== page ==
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Today's Stichomancy for Tiger Woods

The first excerpt represents the element of Air. It speaks of mental influences and the process of thought, and is drawn from At the Mountains of Madness by H. P. Lovecraft:

dogs and two men; but the fairly unharmed dissecting tent, which we entered after investigating the monstrous graves, had something to reveal. It was not as Lake had left it, for the covered parts of the primal monstrosity had been removed from the improvised table. Indeed, we had already realized that one of the six imperfect and insanely buried things we had found - the one with the trace of a peculiarly hateful odor - must represent the collected sections of the entity which Lake had tried to analyze. On and around that laboratory table were strewn other things, and it did not take long for us to guess that those things were the carefully though oddly and inexpertly dissected parts of one man and one dog. I

At the Mountains of Madness
The second excerpt represents the element of Fire. It speaks of emotional influences and base passions, and is drawn from Flatland: A Romance of Many Dimensions by Edwin A. Abbot:

recognize this?

I. I must indeed confess that I do not in the least understand your Lordship. When we in Flatland see a Line, we see length and BRIGHTNESS. If the brightness disappears, the Line is extinguished, and, as you say, ceases to occupy Space. But am I to suppose that your Lordship gives to brightness the title of a Dimension, and that what we call "bright" you call "high"?

STRANGER. No, indeed. By "height" I mean a Dimension like your length: only, with you, "height" is not so easily perceptible, being extremely small.

I. My Lord, your assertion is easily put to the test.

Flatland: A Romance of Many Dimensions
The third excerpt represents the element of Water. It speaks of pure spiritual influences and feelings of love, and is drawn from Domestic Peace by Honore de Balzac:

she feared she had made a mistake.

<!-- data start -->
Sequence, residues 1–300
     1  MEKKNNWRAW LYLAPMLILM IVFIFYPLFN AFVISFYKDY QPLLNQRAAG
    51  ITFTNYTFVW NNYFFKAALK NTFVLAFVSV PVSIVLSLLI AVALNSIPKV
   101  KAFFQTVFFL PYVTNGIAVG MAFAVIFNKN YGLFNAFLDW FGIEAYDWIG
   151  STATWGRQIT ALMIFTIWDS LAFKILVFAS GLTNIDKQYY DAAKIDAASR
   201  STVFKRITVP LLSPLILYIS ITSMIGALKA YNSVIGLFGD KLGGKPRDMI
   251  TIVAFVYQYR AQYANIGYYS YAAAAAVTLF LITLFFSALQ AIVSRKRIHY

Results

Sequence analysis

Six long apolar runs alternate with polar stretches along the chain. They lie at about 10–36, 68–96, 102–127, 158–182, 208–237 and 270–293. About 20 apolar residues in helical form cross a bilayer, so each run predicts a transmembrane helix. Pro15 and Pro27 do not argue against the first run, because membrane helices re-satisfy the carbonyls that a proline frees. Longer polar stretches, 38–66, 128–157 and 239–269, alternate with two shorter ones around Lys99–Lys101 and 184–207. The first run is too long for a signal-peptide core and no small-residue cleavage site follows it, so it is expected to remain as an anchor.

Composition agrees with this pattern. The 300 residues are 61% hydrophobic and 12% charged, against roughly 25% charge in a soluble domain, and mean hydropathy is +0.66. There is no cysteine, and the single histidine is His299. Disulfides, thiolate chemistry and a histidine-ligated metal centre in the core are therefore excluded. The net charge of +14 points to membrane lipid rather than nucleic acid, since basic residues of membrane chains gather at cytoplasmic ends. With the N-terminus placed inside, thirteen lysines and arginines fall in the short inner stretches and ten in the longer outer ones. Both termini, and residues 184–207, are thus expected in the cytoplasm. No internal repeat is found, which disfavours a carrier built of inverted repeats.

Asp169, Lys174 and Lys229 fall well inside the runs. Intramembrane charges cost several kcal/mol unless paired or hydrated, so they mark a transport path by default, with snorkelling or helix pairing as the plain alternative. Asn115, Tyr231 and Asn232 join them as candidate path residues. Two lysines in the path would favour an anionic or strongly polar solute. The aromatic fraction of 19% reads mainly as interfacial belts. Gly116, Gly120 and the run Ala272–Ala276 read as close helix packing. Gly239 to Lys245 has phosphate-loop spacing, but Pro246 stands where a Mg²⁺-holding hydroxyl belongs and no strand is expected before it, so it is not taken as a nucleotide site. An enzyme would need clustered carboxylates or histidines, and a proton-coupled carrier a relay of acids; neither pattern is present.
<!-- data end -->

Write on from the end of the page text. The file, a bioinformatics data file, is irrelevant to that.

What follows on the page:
The evening's experience had saddened her innocent soul. Alarmed at first by the Count's look of suffering and dejection, she had become more so on seeing her rival's beauty, and the corruption of society had gripped her heart. As she crossed the Pont Royal she threw away the desecrated hair at the back of the diamond, given to her once as a token of the purest affection. She wept as she remembered the bitter grief to which she had so long been a victim, and shuddered more than once as she reflected that the duty of a woman, who wishes for peace in her home, compels her to bury sufferings so keen as hers at the bottom of her heart, and without a complaint.

The fourth excerpt represents the element of Earth. It speaks of physical influences and the impact of the unseen on the visible world, and is drawn from Captain Stormfield by Mark Twain:

and asked him to come over and take his manna and quails with me next day; and the first thing he did when he stepped in was to twinkle his eye in a sly way, and say, -

"Well, Cap, what you done with your wings?"

I saw in a minute that there was some sarcasm done up in that rag somewheres, but I never let on. I only says, -

"Gone to the wash."

"Yes," he says, in a dry sort of way, "they mostly go to the wash - about this time - I've often noticed it. Fresh angels are powerful neat. When do you look for 'em back?"

"Day after to-morrow," says I.